Grand Valley State University Tackles Security from the Outside In

To provide greater security in living centers and other buildings, Grand Valley State University began by upgrading access control on exterior doors and other critical areas, moving from keys to a combination of hard-wired, wireless, and standalone electronic access control. New construction...



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To provide greater security in living centers and other buildings, Grand Valley State University began by upgrading access control on exterior doors and other critical areas, moving from keys to a combination of hard-wired, wireless, and standalone electronic access control. New construction is taking security to the next phase with the standalone devices included on interior residence room doors as well.
Grand Valley State University was established in 1960, with the main campus located on a 1,275-acre site, 12 miles west of Grand Rapids in Allendale, Mich. Grand Valley also offers classes on campuses in Grand Rapids and Holland, and through centers in Muskegon and Traverse City. The public, four-year university serves more than 23,000 students, with a faculty of 750 and a support staff of 1,065. The main campus serves approximately 16,000 students, with housing for 5,500 and 500 additional units planned.
For many years, access control to all campus buildings was handled with a fairly robust but conventional brass key system. Gradual loss of key control and the desire for greater security led to implementing card systems in some areas, but centralized control and standardization was lacking.
Dave Feenstra, maintenance supervisor & project manager ­­— facilities services, explains, “The maintenance staff had to spend too much time making keys and replacing cores. We re-keyed the whole campus a few years ago, because over time, people had compromised the system, either knowingly or unknowingly.”
Although the re-keying helped return some control, the university wanted to provide a higher level of security across campus but particularly in student housing.
Feenstra points out, “If somebody breaks into an office and steals equipment, that’s one thing, but where the security of the students is concerned, it’s a lot more critical. We feel the parents entrust their children to us, so we want to make sure we provide them with the best security we can.”
A card reader system seemed the best way to manage and control access, but the cost of retrofitting thousands of doors would have been prohibitive. To provide the improved control in a cost-effective manner, the university selected a Schlage Security Management System (Schlage SMS) that enabled it to link hard-wired Schlage card readers or Schlage Wireless locks on exterior doors with Schlage Computer Managed (CM) standalone locking systems at selected interior academic locations.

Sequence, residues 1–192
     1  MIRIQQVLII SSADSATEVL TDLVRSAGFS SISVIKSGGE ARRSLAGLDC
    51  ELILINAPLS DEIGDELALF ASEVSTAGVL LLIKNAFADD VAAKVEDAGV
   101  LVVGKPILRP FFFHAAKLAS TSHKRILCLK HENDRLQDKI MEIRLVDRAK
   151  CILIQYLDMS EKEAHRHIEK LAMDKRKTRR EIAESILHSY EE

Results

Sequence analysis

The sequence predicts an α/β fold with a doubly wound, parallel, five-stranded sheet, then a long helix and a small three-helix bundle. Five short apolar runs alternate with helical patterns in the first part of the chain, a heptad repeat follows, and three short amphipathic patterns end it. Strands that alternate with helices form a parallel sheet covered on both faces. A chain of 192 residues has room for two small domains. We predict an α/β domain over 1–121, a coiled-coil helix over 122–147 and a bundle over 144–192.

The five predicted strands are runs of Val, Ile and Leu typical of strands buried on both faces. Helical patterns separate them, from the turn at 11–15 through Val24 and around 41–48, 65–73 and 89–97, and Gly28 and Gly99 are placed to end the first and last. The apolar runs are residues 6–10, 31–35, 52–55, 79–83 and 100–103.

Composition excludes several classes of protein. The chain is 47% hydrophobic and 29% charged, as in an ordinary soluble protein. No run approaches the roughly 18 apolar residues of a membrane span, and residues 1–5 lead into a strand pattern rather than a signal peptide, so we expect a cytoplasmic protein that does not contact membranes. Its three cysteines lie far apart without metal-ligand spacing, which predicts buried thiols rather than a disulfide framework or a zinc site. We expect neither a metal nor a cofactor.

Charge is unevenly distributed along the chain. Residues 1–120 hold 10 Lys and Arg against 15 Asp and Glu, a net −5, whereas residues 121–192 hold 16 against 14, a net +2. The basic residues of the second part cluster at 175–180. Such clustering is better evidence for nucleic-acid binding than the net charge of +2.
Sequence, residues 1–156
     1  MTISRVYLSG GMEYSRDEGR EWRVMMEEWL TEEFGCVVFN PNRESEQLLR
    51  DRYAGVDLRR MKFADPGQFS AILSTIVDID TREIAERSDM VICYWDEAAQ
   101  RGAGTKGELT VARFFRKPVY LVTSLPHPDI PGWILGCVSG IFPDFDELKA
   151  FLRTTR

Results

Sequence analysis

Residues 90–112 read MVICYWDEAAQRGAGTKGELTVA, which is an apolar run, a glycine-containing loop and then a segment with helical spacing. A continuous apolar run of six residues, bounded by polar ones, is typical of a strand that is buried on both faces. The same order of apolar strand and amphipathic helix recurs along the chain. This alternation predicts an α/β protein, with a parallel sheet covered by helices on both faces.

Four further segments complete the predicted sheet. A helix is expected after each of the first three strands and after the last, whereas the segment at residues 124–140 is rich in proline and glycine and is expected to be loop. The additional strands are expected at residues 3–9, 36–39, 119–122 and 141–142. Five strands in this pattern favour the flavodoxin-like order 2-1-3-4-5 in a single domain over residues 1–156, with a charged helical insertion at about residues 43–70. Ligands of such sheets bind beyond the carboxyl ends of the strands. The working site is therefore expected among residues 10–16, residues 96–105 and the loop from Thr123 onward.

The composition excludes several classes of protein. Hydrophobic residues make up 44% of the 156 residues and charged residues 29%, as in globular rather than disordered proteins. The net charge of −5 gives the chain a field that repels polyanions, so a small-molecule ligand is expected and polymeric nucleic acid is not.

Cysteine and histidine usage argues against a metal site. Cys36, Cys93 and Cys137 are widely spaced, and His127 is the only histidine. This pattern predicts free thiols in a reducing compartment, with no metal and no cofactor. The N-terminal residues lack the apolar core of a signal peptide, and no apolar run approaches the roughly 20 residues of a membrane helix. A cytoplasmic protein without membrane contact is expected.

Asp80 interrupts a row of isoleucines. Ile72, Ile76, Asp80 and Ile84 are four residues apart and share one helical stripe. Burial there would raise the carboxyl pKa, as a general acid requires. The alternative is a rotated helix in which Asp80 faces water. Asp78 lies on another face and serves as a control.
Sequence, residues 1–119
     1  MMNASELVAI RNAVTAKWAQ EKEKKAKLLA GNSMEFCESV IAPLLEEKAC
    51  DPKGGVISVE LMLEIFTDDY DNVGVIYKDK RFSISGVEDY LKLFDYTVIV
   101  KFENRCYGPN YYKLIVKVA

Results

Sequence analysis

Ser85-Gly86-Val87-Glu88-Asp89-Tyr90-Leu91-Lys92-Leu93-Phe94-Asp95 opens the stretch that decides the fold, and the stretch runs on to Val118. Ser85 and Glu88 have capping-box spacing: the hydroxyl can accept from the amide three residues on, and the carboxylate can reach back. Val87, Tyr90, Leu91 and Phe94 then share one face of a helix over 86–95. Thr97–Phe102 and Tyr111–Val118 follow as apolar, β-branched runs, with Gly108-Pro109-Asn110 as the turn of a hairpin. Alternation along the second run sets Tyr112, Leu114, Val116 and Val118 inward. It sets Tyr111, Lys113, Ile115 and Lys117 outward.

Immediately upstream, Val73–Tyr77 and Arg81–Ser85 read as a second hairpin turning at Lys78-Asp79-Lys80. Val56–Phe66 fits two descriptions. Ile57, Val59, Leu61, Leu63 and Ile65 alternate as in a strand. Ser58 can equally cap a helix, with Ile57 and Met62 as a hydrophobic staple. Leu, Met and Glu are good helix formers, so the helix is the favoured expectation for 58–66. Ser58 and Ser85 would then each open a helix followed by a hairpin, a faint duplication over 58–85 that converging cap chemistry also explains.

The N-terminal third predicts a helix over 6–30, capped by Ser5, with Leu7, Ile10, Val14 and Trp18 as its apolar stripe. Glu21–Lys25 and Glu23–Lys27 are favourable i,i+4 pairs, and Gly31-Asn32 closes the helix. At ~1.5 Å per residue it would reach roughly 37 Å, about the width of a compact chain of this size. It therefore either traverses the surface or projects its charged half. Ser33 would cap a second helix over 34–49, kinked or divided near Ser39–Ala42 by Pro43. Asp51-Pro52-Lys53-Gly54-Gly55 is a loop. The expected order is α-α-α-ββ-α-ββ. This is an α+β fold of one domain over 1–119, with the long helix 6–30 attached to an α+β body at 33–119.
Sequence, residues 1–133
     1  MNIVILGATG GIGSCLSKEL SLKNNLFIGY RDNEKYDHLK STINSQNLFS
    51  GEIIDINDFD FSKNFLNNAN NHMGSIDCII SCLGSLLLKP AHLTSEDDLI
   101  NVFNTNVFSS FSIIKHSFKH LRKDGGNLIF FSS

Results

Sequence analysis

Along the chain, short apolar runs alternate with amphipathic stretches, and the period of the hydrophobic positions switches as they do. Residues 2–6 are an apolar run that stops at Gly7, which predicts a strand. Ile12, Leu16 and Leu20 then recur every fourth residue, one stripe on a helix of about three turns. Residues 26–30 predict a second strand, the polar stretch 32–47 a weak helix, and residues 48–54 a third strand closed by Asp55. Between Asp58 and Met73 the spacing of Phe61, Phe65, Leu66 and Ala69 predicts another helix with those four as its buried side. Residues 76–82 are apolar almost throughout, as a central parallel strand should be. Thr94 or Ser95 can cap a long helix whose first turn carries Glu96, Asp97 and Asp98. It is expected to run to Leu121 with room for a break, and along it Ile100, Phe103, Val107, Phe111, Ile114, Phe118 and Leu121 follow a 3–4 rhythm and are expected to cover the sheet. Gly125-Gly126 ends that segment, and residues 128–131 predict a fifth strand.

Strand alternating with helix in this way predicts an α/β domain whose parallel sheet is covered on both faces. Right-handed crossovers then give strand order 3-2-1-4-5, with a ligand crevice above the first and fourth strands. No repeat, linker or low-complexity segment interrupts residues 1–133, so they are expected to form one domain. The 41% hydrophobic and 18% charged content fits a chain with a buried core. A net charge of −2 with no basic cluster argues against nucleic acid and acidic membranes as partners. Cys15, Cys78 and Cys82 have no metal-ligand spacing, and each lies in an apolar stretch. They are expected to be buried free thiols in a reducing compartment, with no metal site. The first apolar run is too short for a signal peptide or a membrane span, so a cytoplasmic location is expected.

“The first project was to get the building entrances secure,” Feenstra says. “With hundreds of students living in a building, once we decided to secure the doors 24/7, locks were wearing out in as little as a month because of the heavy use. Whenever a key failed to operate properly, security was a challenge.”
The main entrances of each residence building were equipped with the hard-wired Schlage card readers or Schlage Wireless readers and locks. The readers communicate with the Schlage Security Management System which grants or rejects access based on access rights assigned to each individual card holder. If access is granted, the SMS control system sends a command that electrically unlocks the door.
This was cost-effective, in part, because the number of entrances was limited. Feenstra points out that the controls for the system were located in each building’s communications closet to take advantage of the secure location and proximity to the campus wiring network.
One benefit of the Schlage SMS system is the ability to change access parameters or perform a lockdown with a few keystrokes. In the event of a threatening telephone call or a stolen card, building entrances can be locked down quickly until the problem is resolved. “There’s a responsibility for the university to provide the best environment we can, and the ability to manage a situation through our card access control is part of that mission.”
Once the system was in operation, some additional doors were equipped with SMS readers and electrified locks, based on student usage patterns. Feenstra explains, “We were finding that students were propping other doors open with a pebble or a penny so they could re-enter. In almost every case, the door involved pointed toward a food source.” He notes that it only takes one such incident to compromise security for the entire building.
To solve the problem, Schlage readers and locks were added to secondary doors as needed, and door position sensors (“prop alarms”) also were added to sound an alarm if a door was held open too long. Other doors are locked from the inside but have no outside access, so they can only be used for egress. These usage patterns and needs will be considered when planning future construction, according to Feenstra.

INTERIOR DOORS
He notes that, with as many as 500 rooms in a building, the cost of hard-wiring all the interior doors would have been prohibitive. Because the buildings are secured with the Schlage SMS system on exterior doors, interior security needs also were less critical.
Instead, Schlage CL Campus Lock standalone locks are used on residence room doors for all new construction, as well as some existing areas. Since they do not require hard wiring, installation is simple, and they provide an added level of access control beyond the entrance doors.